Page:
ARLINGTON, Texas. — The frustration of not meeting sky-high expectations was beginning to wear on Aaron Harrison about a month ago when the Kentucky guard's dad visited him and his twin brother in Lexington.
The advice Aaron Harrison Sr. had for Aaron was hardly revolutionary but it was exactly what the talented shooting guard needed to hear at the time. The elder Harrison told both his sons to relax, have fun, ignore outside criticism and not worry so much about their draft stock because the family is financially secure enough that the twins don't need to turn pro before they're ready.
"It was huge for me," Aaron Harrison said. "He just took a lot of pressure off us and told us just to go back to playing basketball the way we'd been playing our whole lives. He really just gave me a lot of confidence back."
It's probably too simplistic to credit the visit from his father as the sole reason for Aaron's late-season surge, but it's also probably not a coincidence both his efficiency and production have increased dramatically since then.
In the seven games since spending a few days with his dad, Aaron has averaged 16.6 points and has hit 22 of 44 threes. In 18 regular season SEC games before that, Aaron averaged 12.6 points and hit 31.9 percent of his threes.
"I think it's just that I've got my confidence back," Aaron said. "I think I was thinking about failing too much, thinking about what other people were saying. I think I would take it so hard that I would lose confidence. I've stopped doing that now, and it has helped."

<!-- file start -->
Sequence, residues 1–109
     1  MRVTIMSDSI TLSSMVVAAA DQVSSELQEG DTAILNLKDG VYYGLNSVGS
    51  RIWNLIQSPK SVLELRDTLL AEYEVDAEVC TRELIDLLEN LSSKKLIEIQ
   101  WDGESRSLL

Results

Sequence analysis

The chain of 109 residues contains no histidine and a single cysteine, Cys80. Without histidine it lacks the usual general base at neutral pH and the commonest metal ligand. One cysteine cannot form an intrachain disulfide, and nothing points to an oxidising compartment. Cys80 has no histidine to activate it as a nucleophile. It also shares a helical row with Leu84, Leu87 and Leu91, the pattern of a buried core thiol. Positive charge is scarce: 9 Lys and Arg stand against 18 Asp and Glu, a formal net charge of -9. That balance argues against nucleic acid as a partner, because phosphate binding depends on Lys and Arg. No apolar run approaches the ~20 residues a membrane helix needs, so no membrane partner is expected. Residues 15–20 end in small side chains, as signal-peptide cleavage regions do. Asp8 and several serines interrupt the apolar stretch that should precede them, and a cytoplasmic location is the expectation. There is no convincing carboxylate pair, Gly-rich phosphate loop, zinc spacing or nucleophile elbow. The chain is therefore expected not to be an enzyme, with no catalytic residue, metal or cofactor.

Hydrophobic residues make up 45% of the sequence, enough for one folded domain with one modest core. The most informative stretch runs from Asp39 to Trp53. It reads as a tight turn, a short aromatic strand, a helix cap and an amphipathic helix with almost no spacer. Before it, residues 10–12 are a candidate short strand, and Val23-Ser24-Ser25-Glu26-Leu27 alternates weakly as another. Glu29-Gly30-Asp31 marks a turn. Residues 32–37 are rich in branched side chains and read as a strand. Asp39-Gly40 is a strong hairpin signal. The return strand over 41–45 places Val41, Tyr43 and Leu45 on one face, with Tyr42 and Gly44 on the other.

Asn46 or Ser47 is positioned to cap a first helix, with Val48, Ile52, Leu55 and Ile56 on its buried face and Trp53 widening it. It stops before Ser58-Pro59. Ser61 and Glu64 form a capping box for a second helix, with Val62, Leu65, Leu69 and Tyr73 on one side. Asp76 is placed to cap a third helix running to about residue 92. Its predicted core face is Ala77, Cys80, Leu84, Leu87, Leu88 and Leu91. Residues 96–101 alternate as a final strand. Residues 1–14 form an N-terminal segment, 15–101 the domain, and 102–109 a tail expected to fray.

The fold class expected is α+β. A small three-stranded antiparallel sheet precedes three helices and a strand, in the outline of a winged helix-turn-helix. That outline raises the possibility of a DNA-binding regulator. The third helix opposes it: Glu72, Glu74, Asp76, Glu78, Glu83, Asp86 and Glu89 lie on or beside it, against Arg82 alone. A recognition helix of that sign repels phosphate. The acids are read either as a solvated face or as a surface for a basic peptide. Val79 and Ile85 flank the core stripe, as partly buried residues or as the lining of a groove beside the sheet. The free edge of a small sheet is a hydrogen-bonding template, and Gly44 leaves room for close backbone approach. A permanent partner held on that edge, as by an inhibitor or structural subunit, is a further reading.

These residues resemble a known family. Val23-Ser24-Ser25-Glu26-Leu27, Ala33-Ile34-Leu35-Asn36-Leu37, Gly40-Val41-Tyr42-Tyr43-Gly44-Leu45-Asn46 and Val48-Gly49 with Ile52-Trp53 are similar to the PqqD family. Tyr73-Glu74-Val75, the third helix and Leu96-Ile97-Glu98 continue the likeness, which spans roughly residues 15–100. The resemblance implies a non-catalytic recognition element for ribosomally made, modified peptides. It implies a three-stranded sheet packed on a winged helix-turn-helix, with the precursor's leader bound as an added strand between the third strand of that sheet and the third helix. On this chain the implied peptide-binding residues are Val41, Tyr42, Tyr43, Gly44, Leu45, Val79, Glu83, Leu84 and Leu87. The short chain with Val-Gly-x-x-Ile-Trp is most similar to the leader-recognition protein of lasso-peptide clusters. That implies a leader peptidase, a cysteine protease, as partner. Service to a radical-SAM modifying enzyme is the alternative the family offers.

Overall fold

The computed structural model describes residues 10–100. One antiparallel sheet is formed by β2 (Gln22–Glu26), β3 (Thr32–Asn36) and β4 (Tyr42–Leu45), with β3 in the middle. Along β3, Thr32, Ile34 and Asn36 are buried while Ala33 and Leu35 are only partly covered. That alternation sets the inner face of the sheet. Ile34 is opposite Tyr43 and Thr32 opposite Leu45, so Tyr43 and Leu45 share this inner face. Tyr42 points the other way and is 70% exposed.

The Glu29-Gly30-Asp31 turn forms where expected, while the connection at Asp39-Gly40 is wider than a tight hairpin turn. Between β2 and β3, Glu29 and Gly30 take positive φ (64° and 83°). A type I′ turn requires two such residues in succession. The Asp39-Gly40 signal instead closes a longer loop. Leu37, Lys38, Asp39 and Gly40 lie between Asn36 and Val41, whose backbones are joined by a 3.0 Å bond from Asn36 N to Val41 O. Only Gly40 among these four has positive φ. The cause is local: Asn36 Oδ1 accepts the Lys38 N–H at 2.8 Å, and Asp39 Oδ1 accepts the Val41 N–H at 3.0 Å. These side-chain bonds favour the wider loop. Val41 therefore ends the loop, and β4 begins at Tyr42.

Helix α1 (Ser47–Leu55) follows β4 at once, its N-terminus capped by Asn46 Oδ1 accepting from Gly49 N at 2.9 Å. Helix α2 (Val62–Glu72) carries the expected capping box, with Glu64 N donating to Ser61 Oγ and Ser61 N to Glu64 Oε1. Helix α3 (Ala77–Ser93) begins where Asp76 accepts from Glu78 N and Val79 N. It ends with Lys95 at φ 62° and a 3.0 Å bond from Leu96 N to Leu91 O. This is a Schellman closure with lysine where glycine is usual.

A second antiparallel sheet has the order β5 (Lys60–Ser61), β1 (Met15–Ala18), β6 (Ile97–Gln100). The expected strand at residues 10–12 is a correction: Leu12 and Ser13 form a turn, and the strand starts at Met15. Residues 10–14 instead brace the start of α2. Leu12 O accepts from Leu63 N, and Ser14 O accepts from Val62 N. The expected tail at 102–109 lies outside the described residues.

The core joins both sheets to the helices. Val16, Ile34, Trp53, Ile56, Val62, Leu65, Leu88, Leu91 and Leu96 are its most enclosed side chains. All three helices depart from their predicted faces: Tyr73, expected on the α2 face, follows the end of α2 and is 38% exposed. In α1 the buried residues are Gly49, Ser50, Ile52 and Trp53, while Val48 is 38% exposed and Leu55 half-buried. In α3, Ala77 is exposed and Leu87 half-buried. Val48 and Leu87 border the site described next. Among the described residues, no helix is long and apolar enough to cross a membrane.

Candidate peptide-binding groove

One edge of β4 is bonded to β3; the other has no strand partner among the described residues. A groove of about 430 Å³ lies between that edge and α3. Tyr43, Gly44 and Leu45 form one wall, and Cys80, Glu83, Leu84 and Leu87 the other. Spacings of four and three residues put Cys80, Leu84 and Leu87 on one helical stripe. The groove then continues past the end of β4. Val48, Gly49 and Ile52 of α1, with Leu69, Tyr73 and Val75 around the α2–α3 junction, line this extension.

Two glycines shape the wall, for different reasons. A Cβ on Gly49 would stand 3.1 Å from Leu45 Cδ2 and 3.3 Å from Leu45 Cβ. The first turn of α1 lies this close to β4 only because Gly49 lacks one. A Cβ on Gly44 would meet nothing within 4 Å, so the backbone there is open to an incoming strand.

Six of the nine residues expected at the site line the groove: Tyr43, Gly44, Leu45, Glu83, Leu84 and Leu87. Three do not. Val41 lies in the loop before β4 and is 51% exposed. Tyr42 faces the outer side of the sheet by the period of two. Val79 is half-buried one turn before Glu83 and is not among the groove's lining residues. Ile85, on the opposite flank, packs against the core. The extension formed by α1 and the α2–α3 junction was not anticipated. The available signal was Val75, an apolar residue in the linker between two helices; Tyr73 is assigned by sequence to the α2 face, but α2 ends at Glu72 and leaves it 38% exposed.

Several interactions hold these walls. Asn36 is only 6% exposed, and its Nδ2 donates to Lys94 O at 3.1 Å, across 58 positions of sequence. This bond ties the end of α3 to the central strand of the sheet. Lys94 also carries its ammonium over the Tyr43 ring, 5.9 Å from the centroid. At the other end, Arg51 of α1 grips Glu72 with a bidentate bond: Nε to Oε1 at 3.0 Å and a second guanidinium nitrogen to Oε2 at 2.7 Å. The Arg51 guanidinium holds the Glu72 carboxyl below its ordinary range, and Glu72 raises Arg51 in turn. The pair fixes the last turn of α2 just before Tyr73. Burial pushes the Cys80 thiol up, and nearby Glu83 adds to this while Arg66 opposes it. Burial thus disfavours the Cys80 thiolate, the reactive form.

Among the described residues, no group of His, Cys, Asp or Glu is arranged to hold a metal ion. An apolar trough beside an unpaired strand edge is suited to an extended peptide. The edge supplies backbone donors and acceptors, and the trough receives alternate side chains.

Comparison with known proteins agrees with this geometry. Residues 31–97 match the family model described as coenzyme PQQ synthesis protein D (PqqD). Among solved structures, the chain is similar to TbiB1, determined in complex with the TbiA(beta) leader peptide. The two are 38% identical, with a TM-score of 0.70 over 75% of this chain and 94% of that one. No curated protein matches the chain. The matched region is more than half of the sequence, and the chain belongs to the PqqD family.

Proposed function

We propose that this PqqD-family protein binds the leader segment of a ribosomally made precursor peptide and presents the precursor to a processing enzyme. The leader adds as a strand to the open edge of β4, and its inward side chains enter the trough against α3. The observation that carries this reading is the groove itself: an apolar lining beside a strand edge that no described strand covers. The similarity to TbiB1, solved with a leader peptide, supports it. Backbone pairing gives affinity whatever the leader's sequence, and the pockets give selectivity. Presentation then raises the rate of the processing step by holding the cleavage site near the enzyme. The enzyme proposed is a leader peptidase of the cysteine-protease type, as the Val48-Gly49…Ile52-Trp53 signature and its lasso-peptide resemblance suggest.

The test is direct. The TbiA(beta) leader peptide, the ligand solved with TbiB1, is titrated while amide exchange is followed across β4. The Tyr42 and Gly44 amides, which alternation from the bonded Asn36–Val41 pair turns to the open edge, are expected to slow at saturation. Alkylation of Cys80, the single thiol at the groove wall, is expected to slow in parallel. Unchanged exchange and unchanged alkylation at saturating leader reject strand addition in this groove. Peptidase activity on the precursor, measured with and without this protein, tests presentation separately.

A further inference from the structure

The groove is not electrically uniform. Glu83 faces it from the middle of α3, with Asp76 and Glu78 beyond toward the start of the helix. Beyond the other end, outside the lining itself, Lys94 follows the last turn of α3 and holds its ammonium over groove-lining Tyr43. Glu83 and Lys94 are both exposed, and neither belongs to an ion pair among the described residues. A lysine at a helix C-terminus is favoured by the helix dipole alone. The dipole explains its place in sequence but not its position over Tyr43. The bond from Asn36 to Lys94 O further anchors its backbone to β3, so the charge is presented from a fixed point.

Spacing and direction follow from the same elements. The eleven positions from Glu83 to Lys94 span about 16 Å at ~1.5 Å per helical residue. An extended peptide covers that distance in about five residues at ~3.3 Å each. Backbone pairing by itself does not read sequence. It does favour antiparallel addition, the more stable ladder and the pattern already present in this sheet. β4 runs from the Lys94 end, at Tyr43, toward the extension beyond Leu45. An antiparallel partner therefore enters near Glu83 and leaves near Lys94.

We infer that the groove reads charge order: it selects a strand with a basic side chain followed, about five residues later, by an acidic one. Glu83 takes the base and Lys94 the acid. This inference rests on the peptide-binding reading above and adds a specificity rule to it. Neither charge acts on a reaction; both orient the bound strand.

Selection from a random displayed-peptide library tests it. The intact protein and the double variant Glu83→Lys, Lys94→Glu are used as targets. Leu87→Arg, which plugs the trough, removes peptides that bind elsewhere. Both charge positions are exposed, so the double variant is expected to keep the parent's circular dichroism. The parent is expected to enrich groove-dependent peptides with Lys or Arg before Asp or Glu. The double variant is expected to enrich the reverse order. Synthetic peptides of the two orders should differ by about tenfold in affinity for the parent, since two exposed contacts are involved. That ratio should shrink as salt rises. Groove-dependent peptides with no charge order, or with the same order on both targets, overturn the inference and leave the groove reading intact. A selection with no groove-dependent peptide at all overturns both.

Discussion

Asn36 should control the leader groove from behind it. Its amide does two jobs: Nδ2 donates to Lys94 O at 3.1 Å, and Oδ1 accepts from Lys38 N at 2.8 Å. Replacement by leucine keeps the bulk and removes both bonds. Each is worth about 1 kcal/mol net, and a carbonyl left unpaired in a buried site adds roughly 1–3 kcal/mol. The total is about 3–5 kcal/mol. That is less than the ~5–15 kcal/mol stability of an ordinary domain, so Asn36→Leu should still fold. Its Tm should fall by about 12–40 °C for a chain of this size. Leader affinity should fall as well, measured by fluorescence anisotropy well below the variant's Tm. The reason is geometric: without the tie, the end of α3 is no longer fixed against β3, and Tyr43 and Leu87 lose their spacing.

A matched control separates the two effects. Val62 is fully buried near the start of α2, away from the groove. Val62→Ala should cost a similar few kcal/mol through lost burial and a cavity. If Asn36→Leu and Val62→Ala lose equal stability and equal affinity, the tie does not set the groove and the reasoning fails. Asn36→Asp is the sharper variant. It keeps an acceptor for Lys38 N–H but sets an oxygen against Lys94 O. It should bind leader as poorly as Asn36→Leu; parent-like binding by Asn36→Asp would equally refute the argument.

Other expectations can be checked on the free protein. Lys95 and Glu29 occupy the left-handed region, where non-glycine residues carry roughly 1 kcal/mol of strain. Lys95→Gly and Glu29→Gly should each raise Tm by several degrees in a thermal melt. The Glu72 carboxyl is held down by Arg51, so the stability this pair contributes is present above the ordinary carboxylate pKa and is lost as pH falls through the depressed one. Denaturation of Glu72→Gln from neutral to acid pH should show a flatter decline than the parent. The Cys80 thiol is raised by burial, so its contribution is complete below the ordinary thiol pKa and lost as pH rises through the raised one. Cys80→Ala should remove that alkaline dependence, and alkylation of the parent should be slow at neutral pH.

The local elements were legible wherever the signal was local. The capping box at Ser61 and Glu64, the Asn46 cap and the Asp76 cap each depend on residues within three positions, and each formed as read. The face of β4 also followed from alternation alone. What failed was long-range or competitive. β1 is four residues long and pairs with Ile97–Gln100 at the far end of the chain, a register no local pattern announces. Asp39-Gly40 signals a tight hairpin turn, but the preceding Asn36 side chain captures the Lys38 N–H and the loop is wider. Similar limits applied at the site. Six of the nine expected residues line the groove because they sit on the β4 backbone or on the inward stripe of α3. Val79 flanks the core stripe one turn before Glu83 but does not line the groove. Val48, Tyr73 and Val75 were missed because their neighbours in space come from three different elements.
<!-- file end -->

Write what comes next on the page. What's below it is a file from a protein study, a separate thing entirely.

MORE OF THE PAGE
Whatever the reason, Kentucky is glad Aaron has caught fire because the Wildcats would not be preparing to face Wisconsin in the Final Four on Saturday otherwise. Aaron sank the biggest shot of both Kentucky's victories in Indianapolis last week, burying a last-minute corner jump shot against Louisville to put the Wildcats ahead and then sinking a contested game-winning 3-pointer in the final seconds against Michigan two nights later.
If Aaron can continue to provide another perimeter shooter besides James Young, that will only make Kentucky even more potent on offense. Opposing defenses typically have tried to protect the paint and force the Wildcats to win from the perimeter since Kentucky has explosive guards who attack the rim and a stable of long, athletic big men.
"A lot of people are starting to realize how good Aaron is," Andrew Harrison said. "He has shown the world he is a big-time shot maker and he can really score the ball."
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